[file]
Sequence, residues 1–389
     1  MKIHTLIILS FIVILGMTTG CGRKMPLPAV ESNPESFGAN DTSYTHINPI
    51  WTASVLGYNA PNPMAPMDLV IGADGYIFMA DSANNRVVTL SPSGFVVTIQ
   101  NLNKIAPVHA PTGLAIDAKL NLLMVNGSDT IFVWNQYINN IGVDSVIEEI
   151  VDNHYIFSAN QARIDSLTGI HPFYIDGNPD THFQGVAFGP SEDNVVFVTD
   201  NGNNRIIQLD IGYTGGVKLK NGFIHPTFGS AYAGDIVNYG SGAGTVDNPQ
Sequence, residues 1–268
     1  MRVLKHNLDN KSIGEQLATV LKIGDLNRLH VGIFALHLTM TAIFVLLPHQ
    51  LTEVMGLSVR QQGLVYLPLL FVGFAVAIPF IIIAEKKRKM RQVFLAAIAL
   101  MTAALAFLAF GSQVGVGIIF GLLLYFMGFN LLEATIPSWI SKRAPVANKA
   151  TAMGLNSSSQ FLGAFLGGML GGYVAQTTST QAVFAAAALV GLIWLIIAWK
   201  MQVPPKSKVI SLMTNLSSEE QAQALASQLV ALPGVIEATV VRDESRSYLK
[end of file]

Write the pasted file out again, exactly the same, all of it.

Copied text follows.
Sequence, residues 1–389
     1  MKIHTLIILS FIVILGMTTG CGRKMPLPAV ESNPESFGAN DTSYTHINPI
    51  WTASVLGYNA PNPMAPMDLV IGADGYIFMA DSANNRVVTL SPSGFVVTIQ
   101  NLNKIAPVHA PTGLAIDAKL NLLMVNGSDT IFVWNQYINN IGVDSVIEEI
   151  VDNHYIFSAN QARIDSLTGI HPFYIDGNPD THFQGVAFGP SEDNVVFVTD
   201  NGNNRIIQLD IGYTGGVKLK NGFIHPTFGS AYAGDIVNYG SGAGTVDNPQ
Sequence, residues 1–268
     1  MRVLKHNLDN KSIGEQLATV LKIGDLNRLH VGIFALHLTM TAIFVLLPHQ
    51  LTEVMGLSVR QQGLVYLPLL FVGFAVAIPF IIIAEKKRKM RQVFLAAIAL
   101  MTAALAFLAF GSQVGVGIIF GLLLYFMGFN LLEATIPSWI SKRAPVANKA
   151  TAMGLNSSSQ FLGAFLGGML GGYVAQTTST QAVFAAAALV GLIWLIIAWK
   201  MQVPPKSKVI SLMTNLSSEE QAQALASQLV ALPGVIEATV VRDESRSYLK